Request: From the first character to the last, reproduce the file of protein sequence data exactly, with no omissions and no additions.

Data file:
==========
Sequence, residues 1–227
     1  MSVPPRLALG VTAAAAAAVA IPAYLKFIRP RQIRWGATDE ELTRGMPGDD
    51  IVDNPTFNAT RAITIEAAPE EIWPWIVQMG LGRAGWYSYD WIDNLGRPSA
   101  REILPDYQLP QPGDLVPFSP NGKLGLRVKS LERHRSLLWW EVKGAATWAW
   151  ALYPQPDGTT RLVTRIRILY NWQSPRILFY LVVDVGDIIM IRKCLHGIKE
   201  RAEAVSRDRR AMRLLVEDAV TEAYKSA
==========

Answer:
Sequence, residues 1–227
     1  MSVPPRLALG VTAAAAAAVA IPAYLKFIRP RQIRWGATDE ELTRGMPGDD
    51  IVDNPTFNAT RAITIEAAPE EIWPWIVQMG LGRAGWYSYD WIDNLGRPSA
   101  REILPDYQLP QPGDLVPFSP NGKLGLRVKS LERHRSLLWW EVKGAATWAW
   151  ALYPQPDGTT RLVTRIRILY NWQSPRILFY LVVDVGDIIM IRKCLHGIKE
   201  RAEAVSRDRR AMRLLVEDAV TEAYKSA